Building Your Campaign Website — Tips and Tricks | National Democratic Training Committee

A campaign website is a key component of your digital presence as a candidate. It’s important that it looks professional and is easy to use. But remember: you’re running for office. Your goal is to win the election, not to become an expert in web design.

Luckily, website builders like Squarespace and Wix make it easier than ever to launch a website that’s beautiful and easy to use. There are even companies that specialize in website templates for political campaigns.

But even with these web design tools, creating a campaign website can still be intimidating. Don’t be — following these tips and tricks will help make the design process go smoothly.

Hint: A lot of planning is done before you start to design the pages on your website.

Create a Site Map

Good web design makes it easy for visitors to achieve what they set out to do. In your case, people viewing your campaign website are likely looking for more information about you, your campaign, and how they can get involved.

You’ll want to make it easy for people to find this information by organizing it in a way that makes sense. A site map—a high-level diagram that shows how the different areas of your website are organized—is an effective planning tool that can help you organize the information that you need on your website.

Not sure what content should be on your website? Use our Website Building Blocks template to help you get started.

Solidify Your Message

Your website is an ideal place to show visitors who you are and what you stand for. But you only have a small window of time, about 10 seconds on average, to grab your visitor’s attention before they decide to leave your page.

You must assume that visitors are always in a hurry, so focus on the key points you want your audience to take away about you and your campaign. Our course on Crafting Your Message will help you identify and clearly communicate your campaign’s core message.

Additionally, make sure your language is simple and concise. Editing tools like Hemingway can help you improve the “readability” of your content.

Create Clear Calls-To-Action

Calls-to-Action (known as a CTA’s) are elements on your website, typically buttons, that prompt your visitors to take action. Using a CTA is a great way to encourage visitors to take an action that aligns with the goals you want your website to achieve.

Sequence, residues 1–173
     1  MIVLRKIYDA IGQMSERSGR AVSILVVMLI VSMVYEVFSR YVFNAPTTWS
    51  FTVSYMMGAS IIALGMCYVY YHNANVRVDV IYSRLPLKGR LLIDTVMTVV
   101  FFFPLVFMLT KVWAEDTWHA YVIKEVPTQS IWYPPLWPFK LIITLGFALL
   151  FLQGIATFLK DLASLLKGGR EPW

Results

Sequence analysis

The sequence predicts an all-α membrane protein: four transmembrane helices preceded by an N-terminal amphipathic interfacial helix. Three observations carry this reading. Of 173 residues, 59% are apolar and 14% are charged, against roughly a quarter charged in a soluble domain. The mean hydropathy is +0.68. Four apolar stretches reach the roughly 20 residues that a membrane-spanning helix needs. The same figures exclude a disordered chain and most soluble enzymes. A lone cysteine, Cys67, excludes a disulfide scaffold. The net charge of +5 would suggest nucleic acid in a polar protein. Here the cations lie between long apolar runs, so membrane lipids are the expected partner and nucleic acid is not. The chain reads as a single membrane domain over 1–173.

For instance, one of your primary goals as a candidate should be raising money for your campaign. Therefore, you’ll want to include a “Donate” button on your site. Following best practices for CTA’s, you should:

  • Use clear language. The word “Donate” should suffice
  • Use a contrasting color to highlight the button
  • Consider making the button larger than the surrounding elements
  • Place it in a prominent place on the homepage

Create a Color Palette and Prioritize Accessibility

If you’ve already decided on your campaign’s branding, stay consistent with the colors you’ve already chosen. If you haven’t already made decisions about your campaign’s visual identity, this guide from Smashing Magazine will help you choose an attractive and cohesive color palette to use across your campaign materials. While reds and blues have been the norm for political campaigns for years, don’t be afraid to choose colors that are authentic to you as a candidate.

No matter the color palette you choose, always make sure that there is sufficient contrast between text and backgrounds. Text that has low contrast with its background is difficult to read, especially for people with visual impairments. You can check your color contrast using the WebAIM color contrast checker, aiming for a ratio of at least 4.5:1.

Test Your Website

Once your website is built, don’t stop there! Make sure everything works the way it’s supposed to. If you built the website yourself, don’t be the only person who sees it before it goes live. Ask your friends, family, and/or volunteers to help test the website.

At a minimum, you should:

  • Proofread your content. Even if you’ve read everything, read through it again. Have someone else read it. Trust me, you’re bound to miss something, so catch it before your site goes live.
  • Check all links. Make sure they lead to the intended page.
  • Test all forms. For example, try subscribing to the mailing list and make sure any automated messages arrive as expected.
  • Make a test donation. You want to make sure this experience is as seamless as possible.

For more ideas on what to test, check out Squarespace’s Site Launch Checklist.


There’s a lot more to creating your digital presence as a candidate, but these tips and tricks should help you get started. For more in-depth training on building campaign websites, check out our Digital Campaigning: Website Basics and Building a Campaign Website courses.

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